The Hennessey Venom F5 is on track to make its world debut sometime in November, likely during the 2020 SEMA Show, should there be one. This is in line with the company’s original plan to release the car before the end of this year, despite the ongoing pandemic. Accompanying the post was a teaser image of the Venom F5, specifically a portion of the car’s rear diffuser. As one might expect when looking at a $1.8 million supercar, the F5 pictured is showing off some seriously cool naked carbon fiber bodywork. It’s a followup to the original Venom – which set a Guinness World Record for the fastest road legal car from 0–186 mph (0–300 km/h) with an average acceleration time of 13.63 seconds. It was based on the Lotus Elise, and possessed over 1,200 horsepower. Only 13 were ever made.
The new Hennessey Venom F5 would appear to be clean sheet design. The company has paraded around a design mock up at various events such as the SEMA Show, but didn’t feature a finished interior, nor did it run.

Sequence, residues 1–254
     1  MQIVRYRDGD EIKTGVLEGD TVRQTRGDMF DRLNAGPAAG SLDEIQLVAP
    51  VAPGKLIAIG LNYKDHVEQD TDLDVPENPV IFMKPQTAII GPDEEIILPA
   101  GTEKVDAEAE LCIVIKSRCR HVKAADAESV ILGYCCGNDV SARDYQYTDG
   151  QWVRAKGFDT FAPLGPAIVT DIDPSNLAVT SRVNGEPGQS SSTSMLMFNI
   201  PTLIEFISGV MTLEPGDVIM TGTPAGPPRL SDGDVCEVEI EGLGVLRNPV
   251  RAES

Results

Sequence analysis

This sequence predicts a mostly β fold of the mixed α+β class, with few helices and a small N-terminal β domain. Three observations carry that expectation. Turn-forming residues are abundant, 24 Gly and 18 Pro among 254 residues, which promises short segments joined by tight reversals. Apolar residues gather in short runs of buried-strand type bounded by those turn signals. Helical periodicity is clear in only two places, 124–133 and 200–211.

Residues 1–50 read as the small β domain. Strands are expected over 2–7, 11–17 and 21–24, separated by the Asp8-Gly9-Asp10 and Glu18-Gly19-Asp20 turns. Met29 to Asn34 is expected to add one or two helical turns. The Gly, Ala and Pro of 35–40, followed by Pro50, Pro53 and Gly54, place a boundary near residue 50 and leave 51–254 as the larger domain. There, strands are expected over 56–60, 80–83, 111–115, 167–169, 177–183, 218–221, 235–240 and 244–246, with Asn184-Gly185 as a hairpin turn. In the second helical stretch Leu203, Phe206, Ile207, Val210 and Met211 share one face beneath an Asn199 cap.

Much like what we see done over at McLaren, Hennessey has developed a carbon tub for their latest high-speed machine. In total, the chassis weighs just 190 pounds, despite being able to withstand a projected top speed of 310.7+ mph. That has helped to keep the curb weight below 3,000 pounds, which is rather airy for a modern supercar.
Under the rear clamshell of the Hennessey Venom F5 rests one of the craziest engines ever stuck into a “production” car. The LS-based 6.6L Fury V8 engine is mated to a pair of Precision ball bearing twin turbochargers, producing a total output of 1,817 horsepower and 1,193 lb-ft of torque. With that level of power combined with a featherweight construction and a drag coefficient of 0.33, we won’t be surprised to see Hennessey recapture the title of world’s fastest production car.
Hennessey plans to build just 24 Venom F5 hypercars, with 12 units bound for the international market. The company says that almost all of the 12 U.S. cars have been spoken for at this time, but that some are still available. If you’re in the market for a 300+ mph supercar built in Texas, you know who to call.